In this investigation, we have utilized a replicated radiation-cured epoxy composite to manufacture high-quality mirrors. The replicated layer (RL) was exposed to varying degrees of radiation using a radiation ranging from 0 to 50 Mrad. The cure state, modulus, Tg temperature, and thermal degradation behavior of the exposed UV-cured material were characterized as a function of irradiation. Gas chromatography–mass spectroscopy (GC–MS) was also utilized to evaluate changes in the starting material as a function of irradiation. Stoney bimaterial specimens using the UV-cured RL were manufactured and tested as a function of radiation exposure to evaluate what contribution this process has on the residual stress of these structures. Changes in the residual stress and cure state were correlated to the stability of the mirrors. Composite mirrors were then fabricated and evaluated for stability after thermal cycling as a function of radiation exposure using Zygo analysis. The mirrors were subjected to multiple thermal cycling profiles to evaluate their hysteresis as well as the magnitude of dimensional variations observed after postradiation exposure.
Replicated Mirror Fabrication
The fabrication of coupon-level replica mirrors is achieved by sandwiching a droplet of epoxy resin ( to 50 mg) between a substrate and a glass mandrel (50-mm diameter and 15.9-mm thick) coated with a monolayer mold release coating. The microroughness of the mandrel surface was 0.4 nm. The sandwich is held together until the cure is complete. The cured resin layer can be separated from the mandrel via the use of a monolayer release layer, whose synthesis and deposition details are elsewhere.4 A uniform bond line was controlled with a shim ( thick) producing a replication in diameter. The replicating resin layer (RL) cure was done by UV exposure through the glass mandrel and then separated at the monolayer-coated glass and RL interface. Quasi-isotropic laminates of K13C2U/RS3C cyanate ester composite laminates were used as substrates. The composite laminate was 4 mm in thickness and was cured to 177°C prior to replication. The surface roughness of the laminate was .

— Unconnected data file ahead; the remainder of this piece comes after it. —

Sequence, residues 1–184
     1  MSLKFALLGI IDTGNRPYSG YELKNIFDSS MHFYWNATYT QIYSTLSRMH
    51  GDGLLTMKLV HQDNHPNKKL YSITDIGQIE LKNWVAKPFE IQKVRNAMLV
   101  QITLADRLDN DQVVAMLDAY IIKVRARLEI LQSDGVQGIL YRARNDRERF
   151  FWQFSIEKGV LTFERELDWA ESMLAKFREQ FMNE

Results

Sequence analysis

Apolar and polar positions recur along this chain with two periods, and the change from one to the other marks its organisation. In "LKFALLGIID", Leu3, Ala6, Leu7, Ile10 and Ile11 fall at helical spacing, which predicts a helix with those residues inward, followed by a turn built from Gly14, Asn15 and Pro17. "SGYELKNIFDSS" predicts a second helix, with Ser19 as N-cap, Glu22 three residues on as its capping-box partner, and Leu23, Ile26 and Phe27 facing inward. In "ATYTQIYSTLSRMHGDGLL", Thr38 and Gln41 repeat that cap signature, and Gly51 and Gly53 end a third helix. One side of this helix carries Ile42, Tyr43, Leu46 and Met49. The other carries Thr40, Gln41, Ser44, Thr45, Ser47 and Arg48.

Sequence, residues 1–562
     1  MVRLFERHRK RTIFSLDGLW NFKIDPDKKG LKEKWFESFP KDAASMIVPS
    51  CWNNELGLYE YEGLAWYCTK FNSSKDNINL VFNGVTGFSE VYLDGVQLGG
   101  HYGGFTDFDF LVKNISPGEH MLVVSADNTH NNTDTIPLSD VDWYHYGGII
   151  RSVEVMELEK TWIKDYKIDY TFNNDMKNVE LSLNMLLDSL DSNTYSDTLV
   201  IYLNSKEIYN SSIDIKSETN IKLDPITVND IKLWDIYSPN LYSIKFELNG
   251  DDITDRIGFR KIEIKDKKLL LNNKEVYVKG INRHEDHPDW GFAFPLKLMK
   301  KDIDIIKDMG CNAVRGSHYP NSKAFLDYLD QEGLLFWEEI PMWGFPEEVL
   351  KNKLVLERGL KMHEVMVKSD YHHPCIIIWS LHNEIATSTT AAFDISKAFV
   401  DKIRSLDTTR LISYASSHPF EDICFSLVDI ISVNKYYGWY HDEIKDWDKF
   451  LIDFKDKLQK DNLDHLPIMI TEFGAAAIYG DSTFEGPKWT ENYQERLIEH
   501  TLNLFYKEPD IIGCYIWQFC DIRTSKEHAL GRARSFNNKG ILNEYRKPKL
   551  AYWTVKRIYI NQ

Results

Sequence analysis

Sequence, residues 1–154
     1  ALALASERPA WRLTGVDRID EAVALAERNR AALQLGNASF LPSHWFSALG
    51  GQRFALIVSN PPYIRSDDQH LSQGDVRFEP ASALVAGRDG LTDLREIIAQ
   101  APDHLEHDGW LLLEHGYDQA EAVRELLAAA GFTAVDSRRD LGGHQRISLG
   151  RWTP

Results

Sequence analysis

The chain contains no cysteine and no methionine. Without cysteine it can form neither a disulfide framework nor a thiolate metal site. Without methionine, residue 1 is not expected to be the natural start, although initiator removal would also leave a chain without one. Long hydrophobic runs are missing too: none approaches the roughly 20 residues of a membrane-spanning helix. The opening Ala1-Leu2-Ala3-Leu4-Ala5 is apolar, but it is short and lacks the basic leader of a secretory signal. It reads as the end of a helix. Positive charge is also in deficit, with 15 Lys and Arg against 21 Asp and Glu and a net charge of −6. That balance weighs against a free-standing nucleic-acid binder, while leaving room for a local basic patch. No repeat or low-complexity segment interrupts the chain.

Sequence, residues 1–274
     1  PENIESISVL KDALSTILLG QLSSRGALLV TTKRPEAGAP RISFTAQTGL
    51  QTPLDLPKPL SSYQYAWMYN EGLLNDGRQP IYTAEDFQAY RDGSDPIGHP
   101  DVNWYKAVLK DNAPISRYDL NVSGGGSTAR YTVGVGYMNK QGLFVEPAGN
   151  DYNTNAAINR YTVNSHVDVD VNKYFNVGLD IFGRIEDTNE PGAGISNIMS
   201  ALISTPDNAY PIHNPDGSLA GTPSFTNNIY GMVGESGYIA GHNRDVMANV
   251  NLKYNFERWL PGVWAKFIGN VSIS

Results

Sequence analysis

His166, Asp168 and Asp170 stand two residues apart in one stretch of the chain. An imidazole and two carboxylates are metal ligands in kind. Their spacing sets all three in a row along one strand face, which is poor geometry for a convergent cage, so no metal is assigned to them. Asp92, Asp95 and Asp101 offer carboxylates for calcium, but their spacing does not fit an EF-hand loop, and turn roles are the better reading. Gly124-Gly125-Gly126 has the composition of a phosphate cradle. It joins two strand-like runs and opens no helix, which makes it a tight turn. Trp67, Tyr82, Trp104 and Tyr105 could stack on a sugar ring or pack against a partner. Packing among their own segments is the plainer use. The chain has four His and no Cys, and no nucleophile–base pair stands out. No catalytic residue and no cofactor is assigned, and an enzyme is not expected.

The RL was cured with exposure to a 365-nm Dymax BlueWave QX4 UV source. The UV flux was . A pen source with an 8-mm head was used for constant UV illumination. Samples were exposed with the same intensity and time to achieve equal amount of UV exposure. Two cure states were used for this study. The standard cure received UV exposure through the glass mandrel for 7 min followed by immediate separation from the mandrel. The elevated cure was exposed to the UV source for 7 min, followed by 24 h of dark cure and 24 h at 45°C, and then separated from the mandrel. The amine-cured resin described in this paper was synthesized using a bifunctional bisphenol-A epoxy and cured with a polyamine hardener. The resin was cured for 2 h at 45°C.
Surface Figure Error Determination by Interferometry
The morphology of the replication surfaces was measured with a Zygo Verifire AT Laser Interferometer. Surface quality is referred to as SFE, which is an optical term corresponding to the RMS value deviation from the ideal surface. The value is presented in terms of , which is equivalent to 633 nm.
Glass Transition Temperature
Neat resin samples for Tg testing were cured through a glass mandrel (to simulate a replication) with a thickness . The samples were cut into rectangles () and smoothed with 240 grit sandpaper. The samples were tested with a TA Instruments Q800 dynamic mechanical analyzer (DMA) in single cantilever mode from 25°C to 200°C with a heating rate, deflection, and 1-Hz frequency. The Tg temperature was determined from the maximum of the loss modulus peak.
Thermal Gravimetric Analysis
The thermal mass loss behavior of the RL was evaluated as a function of temperature in an inert environment for both the control and the irradiated specimens. The specimens were heated at in a TA Instruments Discovery Unit. Five milligrams of samples were used for evaluation when scanned from RT to 600°C.
Thermal Mechanical Analysis
A TA Instruments thermal mechanical analyzer (TMA) Q400 was used to evaluate the coefficient of thermal expansion (CTE) of neat resin samples, pre- and postradiation exposure. 5.0-mil thick () specimens were cast and placed on edge using a specially designed holder for film testing. A solid glass probe was placed on the top edge of the specimen with 0.01-N force, and the test was scanned from to 50°C in an ambient atmosphere. The ramps rate was kept constant at . A linear regression fit was performed to determine the CTE.
Gas Chromatography–Mass Spectroscopy
An Agilent 7890B and an Agilent 7200A quadrupole time of flight MS were used for the GC–MS analysis. The GC column was Phenomenex, Zebron ZB-1 HT, 60-m long, 0.25 mm i.d., and film thickness, and a helium carrier gas rate of . The MS detector was set for electron impact ionization and programmed to scan the mass range from 15 to . The resulting mass spectral data for the compounds identified were cross referenced to the NIST14 and Wiley 10th edition MS libraries.